This study sets out to evaluate the influence of surgeon experience on PCO incidence. Prior studies evaluating the influence of surgical experience on PCO did not further differentiate data by year of training[6]. While patients may be stratified at the time of preoperative evaluation to match eyes more prone to intraoperative challenges with more experienced surgeons at a teaching institution prior trauma is commonplace among veterans as most were experienced some trauma during training and service. Likewise, intraoperative floppy iris syndrome and the ubiquitous intake of alpha adrenergic for benign prostate hyperplasia in the veteran population cannot be avoided by a novice surgeon in this population. Given the uniform patient population and identical surgical technique this study is uniquely positioned to evaluate the cumulative incidence of capsulotomy and associated risk factors including any influence of year of training.

MATERIALS AND METHODS

After receiving institutional review board approval, the medical records of 1354 patients who underwent cataract extraction at the Veteran Affairs Hospital in Miami, Florida between 2005 and 2010 were retrospectively reviewed. Patients who underwent phacoemulsification with IOL placement in the capsular bag, ciliary sulcus, or anterior chamber were included in the review. Patients with anterior capsule tear, posterior capsule tear, anterior or posterior vitrectomy were included. Patients with concomitant unrelated surgery (corneal transplant, trabeculectomy, glaucoma drainage device, epiretinal membrane peel, endolaser) were included. Eyes that underwent intraoperative conversion to manual extracapsular cataract extraction were excluded. For patients who underwent sequential cataract extraction, only the first eye was included in the analysis.

The following information for each patient was recorded: age at surgery; date of surgery; date of capsulotomy; date of last visit; gender; ethnicity; history of diabetes, glaucoma, ocular trauma, and uveitis; intraoperative anterior vitrectomy, pars plana vitrectomy, concomitant glaucoma surgery, posterior capsule rupture; experience level of primary surgeon; and IOL model (SN60WF (hydrophobic acrylic, sharp-edged, 1-piece), MA60AC (hydrophobic acrylic, round-edged, 3-piece), SN60T/SN6AT (hydrophobic acrylic, sharp-edged, 1-piece), and MTA (PMMA, convexoplano, 1-piece).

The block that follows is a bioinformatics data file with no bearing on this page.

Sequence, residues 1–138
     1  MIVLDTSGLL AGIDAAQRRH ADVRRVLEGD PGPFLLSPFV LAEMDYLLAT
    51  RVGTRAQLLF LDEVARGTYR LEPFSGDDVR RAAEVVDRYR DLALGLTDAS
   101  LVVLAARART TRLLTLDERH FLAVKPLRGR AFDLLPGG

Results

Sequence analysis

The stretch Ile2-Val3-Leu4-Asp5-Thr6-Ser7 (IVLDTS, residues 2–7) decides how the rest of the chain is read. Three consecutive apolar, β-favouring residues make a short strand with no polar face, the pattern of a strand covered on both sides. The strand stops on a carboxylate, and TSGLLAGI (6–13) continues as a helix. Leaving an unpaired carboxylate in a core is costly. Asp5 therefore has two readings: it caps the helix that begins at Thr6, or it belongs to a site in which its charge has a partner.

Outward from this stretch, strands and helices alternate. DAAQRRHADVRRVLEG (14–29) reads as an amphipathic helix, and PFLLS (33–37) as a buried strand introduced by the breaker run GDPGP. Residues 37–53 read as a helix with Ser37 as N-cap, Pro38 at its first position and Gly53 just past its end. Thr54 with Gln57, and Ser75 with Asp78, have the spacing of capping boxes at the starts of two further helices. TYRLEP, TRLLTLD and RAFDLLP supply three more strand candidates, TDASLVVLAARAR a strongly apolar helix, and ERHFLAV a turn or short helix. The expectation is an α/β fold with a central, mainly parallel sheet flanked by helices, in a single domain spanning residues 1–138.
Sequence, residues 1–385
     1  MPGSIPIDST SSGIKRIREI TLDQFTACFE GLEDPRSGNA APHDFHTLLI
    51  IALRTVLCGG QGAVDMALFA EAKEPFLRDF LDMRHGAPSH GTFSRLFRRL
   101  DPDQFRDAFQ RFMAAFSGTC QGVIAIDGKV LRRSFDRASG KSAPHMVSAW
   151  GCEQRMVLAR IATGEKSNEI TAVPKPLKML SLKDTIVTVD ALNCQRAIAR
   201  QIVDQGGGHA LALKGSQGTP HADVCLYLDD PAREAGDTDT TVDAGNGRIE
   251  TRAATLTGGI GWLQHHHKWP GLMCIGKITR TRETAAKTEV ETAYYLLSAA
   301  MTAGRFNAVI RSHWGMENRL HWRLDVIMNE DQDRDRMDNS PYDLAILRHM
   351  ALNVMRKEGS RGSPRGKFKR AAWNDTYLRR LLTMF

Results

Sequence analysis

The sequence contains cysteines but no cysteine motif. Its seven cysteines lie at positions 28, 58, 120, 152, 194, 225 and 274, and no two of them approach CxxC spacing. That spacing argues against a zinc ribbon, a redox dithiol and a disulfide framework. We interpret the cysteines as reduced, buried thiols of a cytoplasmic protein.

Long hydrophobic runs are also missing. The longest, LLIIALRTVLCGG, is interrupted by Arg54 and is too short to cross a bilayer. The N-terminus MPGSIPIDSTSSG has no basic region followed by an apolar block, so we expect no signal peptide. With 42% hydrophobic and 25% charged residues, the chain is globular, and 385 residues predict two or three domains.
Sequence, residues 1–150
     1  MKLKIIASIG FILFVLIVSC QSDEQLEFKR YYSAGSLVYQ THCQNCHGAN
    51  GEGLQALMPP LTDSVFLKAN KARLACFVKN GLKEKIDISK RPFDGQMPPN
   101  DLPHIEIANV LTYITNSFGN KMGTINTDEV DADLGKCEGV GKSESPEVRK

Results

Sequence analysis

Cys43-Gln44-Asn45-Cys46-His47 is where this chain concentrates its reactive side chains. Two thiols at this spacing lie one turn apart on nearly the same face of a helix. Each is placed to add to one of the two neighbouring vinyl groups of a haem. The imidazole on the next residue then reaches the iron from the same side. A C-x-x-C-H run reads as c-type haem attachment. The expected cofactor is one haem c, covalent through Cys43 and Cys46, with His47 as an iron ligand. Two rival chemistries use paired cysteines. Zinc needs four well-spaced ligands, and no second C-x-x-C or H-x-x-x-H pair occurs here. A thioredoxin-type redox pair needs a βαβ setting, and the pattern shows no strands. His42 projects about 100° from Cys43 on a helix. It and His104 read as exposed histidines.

Surgeries were performed by an ophthalmology team, which included an attending surgeon and a second year ophthalmology resident [post-graduate year (PGY) 3], or a third year ophthalmology resident (PGY4), or by an attending surgeon (PGY5 or greater) and assistant surgeon in training. Patients were preoperatively stratified and patients with a phacodonesis due to ocular trauma, prior eye surgery, monocular patients, pseudoexfoliation of the lens, pupil dilation less than 6 mm, corneal opacity, and endothelial guttatae were operated by a PGY4 or higher level surgeon. After routine postoperative follow-up at one day, one week, and one month after surgery with their primary surgeon, patients were followed every six to twelve months. The indications for capsulotomy were driven by patients’ symptoms (decreased visual acuity, decreased contrast sensitivity, or significant glare) with objective evidence of PCO. The final decision for capsulotomy was made by an attending physician.

The cumulative probability of capsulotomy was calculated by Kaplan-Meier survival analysis. The Cox proportional hazards regression model was used to evaluate potential risk factors including: age; gender; ethnicity; diabetes; glaucoma; ocular trauma, uveitis, anterior vitrectomy, pars plana vitrectomy, concomitant glaucoma surgery; posterior capsular rupture; IOL type, IOL placement; and surgeon experience.

RESULTS

Table 1 displays the patient’s demographic and clinical information. 1354 cataract extractions with phacoemulsification and IOL placement were included in the study with a total of 70 capsulotomies performed after a mean follow-up of 19.4 mo (SD 17 mo). The cumulative probability of capsulotomy in our population was 4% at 1 year, 5% at 2 year, and 9% at 3 year (Figure 1A).

Table 1 Patient demographics and pre-operative and operative clinical information.
Number eyes (patients)1354 (1354)
Age at time of cataract surgery, mean ± SD (n)69 ± 10 (1354) range 38-94
Months follow-up, mean ± SD19.4 ± 17 mo
Gender, % male (n)97 (1318)
Ethnicity
% White, non-Hispanic (n)63 (315)
% Black, non-Hispanic23 (113)
% White, Hispanic14 (68)
Diabetes, % yes (n)35 (477)
Glaucoma, % yes (n)33 (452)
Ocular trauma, % yes (n)5 (62)
Uveitis, % yes (n)4 (57)
Selected lens type, % (n)
Monofocal, 3-piece (MA60)29 (389)